Public Prosecutor v Chiam Heng Hsien

CourtDistrict Court (Singapore)
JudgeShaiffudin Bin Saruwan
Judgment Date22 December 2003
Neutral Citation[2003] SGDC 331
Citation[2003] SGDC 331
Published date16 January 2004
Plaintiff CounselDefendant in person
Defendant CounselAbdullah Ghani

1. The defendant faced 2 charges – (i) a charge of creating a condition favourable to the propagation of vectors, namely, mosquitoes, an offence under section 15(1) of the Control of Vectors and Pesticides, Cap 59, and punishable under section 23(b) of the same act; and (ii) a charge of failing to comply with an order issued by the National Environment Agency made pursuant to section 17 of the same Act, and punishable under section 23(a) of the Act.

2. The defendant claimed trial to the 2 charges. After a 2-day trial, I found the defendant guilty of both charges and duly convicted him. He was fined $1,000/- in respect of the first charge and $2,000/- in respect of the second charge.

The Case for the Prosecution

The first charge

3. The prosecution relied on the evidence of two Environmental Health Officers attached to the Central Regional Health Office of the National Environment Agency (NEA) namely, Jeyapalan s/o Mylvaganam (PW1) and Abdul Wahab Bin Jaafar (PW2). PW1’s main duty was to attend to complaints lodged by members of the public in relation to the breeding of vectors such as mosquitoes and rats. PW1 testified that on 21 Feb 2003 at about 10.30 am, he was with PW2 at the defendant’s premises at No. 145 Killiney Road, Singapore. They were there to attend to a complaint of mosquito breeding at the location.

4. The NEA officers then conducted a search of the premises with the consent of the defendant. While the search was conducted, PW1 was with the defendant. Subsequently, they discovered evidence of mosquito breeding in the water that had collected in a plastic cover that was left in the open compound of the defendant’s premises. According to both PW1 and PW2, the defendant was then brought to the place where the plastic cover was located, and shown the mosquito breeding. PW2 then took a sample of the mosquito breeding and placed it into a bottle which he then sealed and marked with the date and location from which the sample was taken. All this was done in the defendant’s presence. PW2 then left the place and send the bottle for analysis at the NEA laboratory.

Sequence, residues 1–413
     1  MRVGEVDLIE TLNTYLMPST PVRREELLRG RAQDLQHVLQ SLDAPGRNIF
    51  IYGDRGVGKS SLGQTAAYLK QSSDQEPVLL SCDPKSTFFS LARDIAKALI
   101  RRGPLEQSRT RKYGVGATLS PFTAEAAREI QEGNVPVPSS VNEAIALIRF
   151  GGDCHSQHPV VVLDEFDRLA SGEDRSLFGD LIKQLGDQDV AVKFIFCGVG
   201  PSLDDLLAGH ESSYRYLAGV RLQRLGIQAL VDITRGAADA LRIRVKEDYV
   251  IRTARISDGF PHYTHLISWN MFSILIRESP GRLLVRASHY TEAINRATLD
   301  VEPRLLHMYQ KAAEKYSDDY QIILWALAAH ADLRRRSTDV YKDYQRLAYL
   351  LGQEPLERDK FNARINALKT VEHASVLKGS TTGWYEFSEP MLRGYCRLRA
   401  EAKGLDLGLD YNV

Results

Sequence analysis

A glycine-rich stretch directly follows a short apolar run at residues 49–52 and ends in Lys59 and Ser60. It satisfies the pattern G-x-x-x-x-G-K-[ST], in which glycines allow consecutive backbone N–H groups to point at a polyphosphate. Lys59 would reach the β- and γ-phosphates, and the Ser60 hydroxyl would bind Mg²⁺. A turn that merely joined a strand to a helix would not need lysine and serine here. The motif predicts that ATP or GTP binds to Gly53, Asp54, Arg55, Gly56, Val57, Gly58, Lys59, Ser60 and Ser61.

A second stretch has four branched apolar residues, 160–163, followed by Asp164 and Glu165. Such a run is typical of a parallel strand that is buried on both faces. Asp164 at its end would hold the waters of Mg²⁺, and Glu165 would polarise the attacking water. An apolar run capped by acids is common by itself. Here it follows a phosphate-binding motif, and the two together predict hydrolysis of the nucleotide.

The second charge

5. The prosecution relied on the evidence of one Tan Kim Hang (PW3), an Environmental Health Officer attached to the Central Regional Health Office of the NEA. PW3’s duty was to issue orders pursuant to section 17 of the Control of Vectors and Pesticides Act, Cap 59. He testified that on 17 December 2002, he had served such an order (marked as Exhibit P4) to the defendant as the owner of No. 145, Killiney Road. The said order, namely clauses (1) and (2) required the defendant to (i) dispose of all unwanted water bearing receptacles, (ii) at all times keep all other unwanted water bearing receptacles in a manner that will prevent them from holding water, and (iii) keep all items that can collect rain water under shelter in a manner that will not hold water.

6 PW3 testified that after P4 was issued, he conducted follow-up inspections at the defendant’s premises on the 5th, 14th and 21st March 2003. He testified that on these inspections, he had found a lot of water bearing receptacles such as plastic containers, discarded debris, unused flower pots and discarded iron cabinets placed in the open all over the compound of the defendant’s premises. PW3 had then advised the defendant to remove and clear the items.

7. PW3 then conducted the final follow-up inspection at the same premises on 31 Mar 03 at about 9.20 am. He found that the defendant had...

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